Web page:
Domestic Violence: just words, until you see those horrible bruises on your friend’s body, (or her neck), or until you have to crawl try to raise yourself from the floor, wondering how badly you are hurt.
Domestic Violence: just words until you must go to the grocery store sporting your brand new black eye, lying, “I fell,” “I ran into a door.”
Everyone knows, not because an accident couldn’t have caused a black eye, but because you have a haunted look about you, you have bones sticking out of your neck and shoulders, your cheeks are hollow, your hair is dry and dead looking. They know because you brought only one of your two children with you (the other being held hostage until your return).
Words. They mean nothing out of context. Personal Violence can happen to anyone. It can happen to your twelve year old daughter at school. It can happen to your mother, at her job. It can happen to you, when you are least expecting it. Domestic/Personal violence is a crime. If you are afraid of your batterer, there are programs, safe houses, places you can go to escape the fear and the attacks.
There are so many helpful programs to get you started on a new life, it is amazing. During my time at the shelter, I was a wreck. Today, I would have been labeled PTSD. Then, I had “battered women’s syndrome,” which meant, I guess, that I could have easily killed my abuser but hadn’t yet figured out how to get away with it.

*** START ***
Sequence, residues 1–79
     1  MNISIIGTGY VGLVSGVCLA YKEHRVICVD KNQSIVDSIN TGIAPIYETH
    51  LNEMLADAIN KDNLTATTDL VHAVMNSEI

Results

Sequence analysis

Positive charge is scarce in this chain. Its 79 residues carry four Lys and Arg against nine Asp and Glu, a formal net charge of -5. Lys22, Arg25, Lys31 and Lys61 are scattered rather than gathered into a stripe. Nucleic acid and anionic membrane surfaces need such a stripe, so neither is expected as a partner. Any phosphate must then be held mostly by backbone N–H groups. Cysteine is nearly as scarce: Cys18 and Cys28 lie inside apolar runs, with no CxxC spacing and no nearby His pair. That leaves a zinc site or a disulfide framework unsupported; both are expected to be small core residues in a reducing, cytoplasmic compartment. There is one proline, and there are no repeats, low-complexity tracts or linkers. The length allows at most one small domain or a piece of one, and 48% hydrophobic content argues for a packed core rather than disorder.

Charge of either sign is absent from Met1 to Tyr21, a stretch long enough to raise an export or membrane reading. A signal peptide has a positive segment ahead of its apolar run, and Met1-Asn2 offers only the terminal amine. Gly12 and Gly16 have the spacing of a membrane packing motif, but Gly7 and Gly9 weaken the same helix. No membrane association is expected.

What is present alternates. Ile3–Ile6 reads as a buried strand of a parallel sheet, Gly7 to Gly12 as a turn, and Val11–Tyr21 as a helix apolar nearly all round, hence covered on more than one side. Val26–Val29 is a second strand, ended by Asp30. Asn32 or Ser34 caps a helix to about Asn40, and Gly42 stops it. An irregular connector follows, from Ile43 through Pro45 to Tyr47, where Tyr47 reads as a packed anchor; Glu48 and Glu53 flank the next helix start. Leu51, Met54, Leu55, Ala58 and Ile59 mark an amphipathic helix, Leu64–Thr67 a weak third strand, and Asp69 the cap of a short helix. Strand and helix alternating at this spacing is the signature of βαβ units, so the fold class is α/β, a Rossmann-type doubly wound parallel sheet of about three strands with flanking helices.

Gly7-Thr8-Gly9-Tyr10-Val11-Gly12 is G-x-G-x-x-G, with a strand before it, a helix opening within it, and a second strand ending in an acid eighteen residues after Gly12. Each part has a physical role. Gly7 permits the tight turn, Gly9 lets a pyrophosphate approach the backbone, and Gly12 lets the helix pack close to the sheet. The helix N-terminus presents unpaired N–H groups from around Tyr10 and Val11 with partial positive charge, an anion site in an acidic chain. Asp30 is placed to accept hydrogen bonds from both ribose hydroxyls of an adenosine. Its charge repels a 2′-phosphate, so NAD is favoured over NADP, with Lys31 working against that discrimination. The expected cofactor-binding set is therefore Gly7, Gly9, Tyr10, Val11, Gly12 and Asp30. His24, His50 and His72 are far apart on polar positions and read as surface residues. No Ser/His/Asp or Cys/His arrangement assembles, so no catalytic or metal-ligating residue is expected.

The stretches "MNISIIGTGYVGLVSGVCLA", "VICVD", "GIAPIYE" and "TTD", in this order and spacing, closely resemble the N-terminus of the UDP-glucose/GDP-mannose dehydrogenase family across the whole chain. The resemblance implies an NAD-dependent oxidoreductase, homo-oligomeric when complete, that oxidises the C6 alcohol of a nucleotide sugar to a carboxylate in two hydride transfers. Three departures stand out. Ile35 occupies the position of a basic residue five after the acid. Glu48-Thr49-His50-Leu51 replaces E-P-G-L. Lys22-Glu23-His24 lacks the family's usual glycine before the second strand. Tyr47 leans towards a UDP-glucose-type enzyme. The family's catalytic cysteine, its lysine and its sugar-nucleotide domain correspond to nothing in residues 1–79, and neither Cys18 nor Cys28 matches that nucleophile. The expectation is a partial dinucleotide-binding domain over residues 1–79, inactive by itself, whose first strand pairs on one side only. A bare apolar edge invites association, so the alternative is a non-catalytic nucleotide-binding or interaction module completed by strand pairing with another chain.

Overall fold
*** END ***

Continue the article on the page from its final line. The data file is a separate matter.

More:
How did we do it? My family helped. I can’t imagine surviving that experience without their help. Yes, I was a mess. My girls needed encouragement and love. It is hard for me to believe that, as strong as I was, I had been reduced to a broken shell of a human being. I will not give him credit for that. It must have been something in my being that allowed it.
So, as I think about how “hard” it was, and I see these articles (below), I am again ashamed that I took so much of it personally. Lucky me. I was not traded for a sex slave at age seven. I was not sold to a brothel, or left to live on the streets of Los Angeles before puberty.
I am ashamed that I was so broken for so long, by someone who had only words and fists as weapons. Any of us could be one of those girls from Somalia, or a young girl whose family believes that female genital mutilation is the only way to make their daughter marriageable. I do so wish that no young girl ever had to suffer those things. I wish that I could change something for them. Help them. Do you wish the same thing?
Perhaps education is the key. Perhaps learning the truth and offering what help we can will make a difference. I believe that Middle School is the best place to address young people about personal violence – before they start dating, before the become just a piece of “property” in the sexual violence world. Help them if you can. Write a check. Offer your services. Teach your children to respect one another. Do something. Do anything you can. Nothing will change until we change it.
Nicholas Kristoff, NY Times Opinion Pages: On the Ground
Futures Without Violence.com